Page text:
Thursday, 29 March 2012

Roleplayer holds seat in government

"I guess I’m Neutral Good. I mean that. But every person deviates from their alignment from time to time."
Heikki Holmås is living proof that geeks have now infiltrated the very fundament of civilization, as he is currently serving as Minister of Development in the Norwegian Government. Holmås started playing back in 1988, starting with Fighting Fantasy and progressing to Red Box D&D. In '89 he became Norwegian Champion of D&D, winning a trip to GenCon. He was a founding member of RegnCon [tr: RainCon], a gaming club/annual con in Bergen, Norway, that's still around today.

He also took part in the legendary LARP 1942 -- Noen å stole på [tr: Someone to trust]. The premise of this game was to recreate the life in a small coastal community under German occupation, and those who were fortunate enough to be there still talk about it.

The source for this post is the Norwegian RPG and game magazine Imagonem, and you can read the full interview here: [LINK]

A somewhat related article about Norwegian LARP-culture here: [LINK]

[Picture source: Imagonem]

Monday, 26 March 2012

3.X s.1: The Tomb of the Ancient King . . . on a shoestring

This session was the first test run of 3.X Ajax Configuration, the D&D hack I've been working on lately. The adventure was based on The Tomb of the Ancient King, a dungeon I created for the Labyrinth Lord game. It featured a type of construct I'd dubbed the Questing Bird, and as it was a combat light scenario, little converting needed to be done. The main obstacle in this adventure was the series of riddles posed by the birds. As the module as written had very little action in it, I also threw in a mummy just to, eh . . . liven it up a little.

The combat set-up ran well, but I noticed a few loose nuts and bolts, all easily fixed. The magic system unsurprisingly revealed more unwanted noises, and it couldn't quite reach top speed. Still, we found the causes for most of these problems, and I expect it'll run a lot better once it's been overhauled.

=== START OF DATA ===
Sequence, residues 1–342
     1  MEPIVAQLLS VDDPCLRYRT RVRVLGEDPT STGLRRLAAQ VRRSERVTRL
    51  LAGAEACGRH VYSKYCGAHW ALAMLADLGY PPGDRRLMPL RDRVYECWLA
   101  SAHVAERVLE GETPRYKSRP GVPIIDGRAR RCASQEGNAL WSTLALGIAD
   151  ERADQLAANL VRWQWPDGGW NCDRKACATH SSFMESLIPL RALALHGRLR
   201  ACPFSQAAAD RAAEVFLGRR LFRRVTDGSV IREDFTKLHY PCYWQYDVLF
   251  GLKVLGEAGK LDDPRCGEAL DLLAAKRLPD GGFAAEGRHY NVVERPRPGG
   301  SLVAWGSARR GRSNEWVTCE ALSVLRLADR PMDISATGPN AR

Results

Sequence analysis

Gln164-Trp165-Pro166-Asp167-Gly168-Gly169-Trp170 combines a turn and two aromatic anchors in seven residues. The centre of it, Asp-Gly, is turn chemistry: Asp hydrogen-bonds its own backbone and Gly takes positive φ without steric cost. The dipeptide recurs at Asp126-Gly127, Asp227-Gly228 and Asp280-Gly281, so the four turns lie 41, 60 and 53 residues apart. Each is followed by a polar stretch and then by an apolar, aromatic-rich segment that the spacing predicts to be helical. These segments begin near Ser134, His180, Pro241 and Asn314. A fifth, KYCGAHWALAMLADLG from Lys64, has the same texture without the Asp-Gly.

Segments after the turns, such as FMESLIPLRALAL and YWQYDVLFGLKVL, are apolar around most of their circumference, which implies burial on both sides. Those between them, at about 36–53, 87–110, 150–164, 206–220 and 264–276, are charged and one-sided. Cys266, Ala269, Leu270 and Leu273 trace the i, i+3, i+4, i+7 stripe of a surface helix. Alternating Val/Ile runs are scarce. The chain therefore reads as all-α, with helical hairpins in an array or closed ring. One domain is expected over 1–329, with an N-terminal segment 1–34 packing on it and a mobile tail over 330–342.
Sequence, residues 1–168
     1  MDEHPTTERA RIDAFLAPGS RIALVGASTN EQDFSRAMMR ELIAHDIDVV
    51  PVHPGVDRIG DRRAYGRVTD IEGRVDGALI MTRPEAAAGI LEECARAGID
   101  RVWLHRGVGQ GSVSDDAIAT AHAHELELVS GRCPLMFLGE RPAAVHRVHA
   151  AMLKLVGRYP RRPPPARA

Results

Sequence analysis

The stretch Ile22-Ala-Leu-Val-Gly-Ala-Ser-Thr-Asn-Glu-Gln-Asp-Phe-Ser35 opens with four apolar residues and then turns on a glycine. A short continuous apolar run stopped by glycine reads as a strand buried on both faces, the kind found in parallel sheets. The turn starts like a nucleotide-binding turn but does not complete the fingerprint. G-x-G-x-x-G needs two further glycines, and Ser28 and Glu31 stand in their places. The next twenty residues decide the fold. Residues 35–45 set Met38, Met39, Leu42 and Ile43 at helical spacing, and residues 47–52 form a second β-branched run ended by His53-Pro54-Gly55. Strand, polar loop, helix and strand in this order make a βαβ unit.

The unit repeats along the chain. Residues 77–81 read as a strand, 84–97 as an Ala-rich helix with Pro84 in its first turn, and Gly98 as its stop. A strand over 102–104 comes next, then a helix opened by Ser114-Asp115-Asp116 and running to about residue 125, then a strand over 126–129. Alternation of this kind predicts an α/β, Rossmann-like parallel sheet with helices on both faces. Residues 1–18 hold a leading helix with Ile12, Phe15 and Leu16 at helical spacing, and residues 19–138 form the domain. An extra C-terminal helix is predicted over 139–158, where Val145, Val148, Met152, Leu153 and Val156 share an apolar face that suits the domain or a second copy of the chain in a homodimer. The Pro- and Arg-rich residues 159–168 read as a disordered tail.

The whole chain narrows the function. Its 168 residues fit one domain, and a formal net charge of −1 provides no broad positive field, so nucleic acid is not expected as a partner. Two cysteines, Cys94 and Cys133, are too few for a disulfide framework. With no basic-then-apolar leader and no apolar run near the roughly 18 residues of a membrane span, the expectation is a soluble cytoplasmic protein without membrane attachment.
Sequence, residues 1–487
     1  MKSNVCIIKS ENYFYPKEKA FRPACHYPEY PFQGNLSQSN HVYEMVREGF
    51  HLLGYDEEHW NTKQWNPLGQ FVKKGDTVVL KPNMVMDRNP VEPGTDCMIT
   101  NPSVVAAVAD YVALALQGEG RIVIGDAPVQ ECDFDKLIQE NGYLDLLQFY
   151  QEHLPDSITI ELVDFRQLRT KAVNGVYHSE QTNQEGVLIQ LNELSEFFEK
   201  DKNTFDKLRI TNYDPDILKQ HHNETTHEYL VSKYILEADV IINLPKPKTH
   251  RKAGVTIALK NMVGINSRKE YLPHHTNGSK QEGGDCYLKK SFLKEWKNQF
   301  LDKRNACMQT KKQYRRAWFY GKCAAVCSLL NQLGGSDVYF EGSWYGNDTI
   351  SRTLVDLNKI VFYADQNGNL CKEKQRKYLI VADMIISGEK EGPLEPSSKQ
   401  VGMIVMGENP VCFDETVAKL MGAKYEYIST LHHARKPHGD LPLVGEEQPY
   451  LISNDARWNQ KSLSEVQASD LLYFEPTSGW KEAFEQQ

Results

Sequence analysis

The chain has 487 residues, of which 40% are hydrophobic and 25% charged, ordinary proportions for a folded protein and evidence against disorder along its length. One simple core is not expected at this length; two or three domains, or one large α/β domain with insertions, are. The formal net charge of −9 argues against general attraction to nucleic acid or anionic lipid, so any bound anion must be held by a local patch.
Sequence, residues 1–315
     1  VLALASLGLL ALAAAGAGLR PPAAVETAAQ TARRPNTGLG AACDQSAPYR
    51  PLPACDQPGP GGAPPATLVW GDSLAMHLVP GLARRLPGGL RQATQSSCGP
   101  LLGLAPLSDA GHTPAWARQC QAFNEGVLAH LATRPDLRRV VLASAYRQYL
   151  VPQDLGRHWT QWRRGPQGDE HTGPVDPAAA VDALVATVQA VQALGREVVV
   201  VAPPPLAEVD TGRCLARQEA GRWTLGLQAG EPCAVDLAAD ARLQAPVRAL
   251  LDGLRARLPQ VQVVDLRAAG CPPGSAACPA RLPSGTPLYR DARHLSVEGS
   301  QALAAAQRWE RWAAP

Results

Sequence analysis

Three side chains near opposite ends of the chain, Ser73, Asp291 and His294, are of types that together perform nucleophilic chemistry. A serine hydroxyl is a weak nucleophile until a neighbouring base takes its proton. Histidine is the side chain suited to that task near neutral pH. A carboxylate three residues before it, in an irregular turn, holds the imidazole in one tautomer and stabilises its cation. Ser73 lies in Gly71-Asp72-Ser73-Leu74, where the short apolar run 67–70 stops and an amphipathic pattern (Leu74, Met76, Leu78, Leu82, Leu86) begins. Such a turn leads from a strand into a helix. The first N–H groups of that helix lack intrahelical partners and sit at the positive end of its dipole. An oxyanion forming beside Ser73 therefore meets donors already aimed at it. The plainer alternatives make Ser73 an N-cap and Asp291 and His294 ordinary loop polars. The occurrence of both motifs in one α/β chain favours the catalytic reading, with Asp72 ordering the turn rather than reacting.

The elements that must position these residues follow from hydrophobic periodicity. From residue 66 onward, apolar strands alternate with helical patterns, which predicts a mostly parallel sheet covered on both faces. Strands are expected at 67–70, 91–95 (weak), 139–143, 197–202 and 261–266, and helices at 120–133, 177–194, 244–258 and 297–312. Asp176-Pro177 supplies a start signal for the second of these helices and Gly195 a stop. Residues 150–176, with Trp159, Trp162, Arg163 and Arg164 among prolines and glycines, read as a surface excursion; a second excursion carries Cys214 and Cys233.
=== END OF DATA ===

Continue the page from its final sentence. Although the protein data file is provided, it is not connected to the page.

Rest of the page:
The party this time consisted of a Rogue, a Fighter, and a Spell Caster, all 3rd level. A henchman also invited himself along - something that fuelled much paranoia. The players are still waiting for him to poison them and run off with their loot.


Ria and her husband Eadwaccer are struggling to get by, but the last delve they mounted barely made enough to pay for their expenses. Luckily the dwarf they had recruited for the job got himself eaten by a freakishly large frog, and thus did not claim his share. After they'd sold off the loot, they were left with just enough to purchase a box of books from the estate of a deceased and debt-ridden gnomish merchant. Having gone through every scrap of parchment in the box, Ria finally had a lead on what might well be the dungeon of their dreams.

Tuesday, 13 March 2012

Marvel 1602

While I'm busy not writing the session report post, here's a very short mini-review of a comic. The LFG/used book store has closed down, and in that process they sold out everything in the store for a buck a piece. I came late to the party, but I still managed to snatch a few treasures. Among them the eight periodicals that make up the first part of Neil Gaiman's take on a 17th century Marvel Universe well into alien space bat territory.

Tuesday, 6 March 2012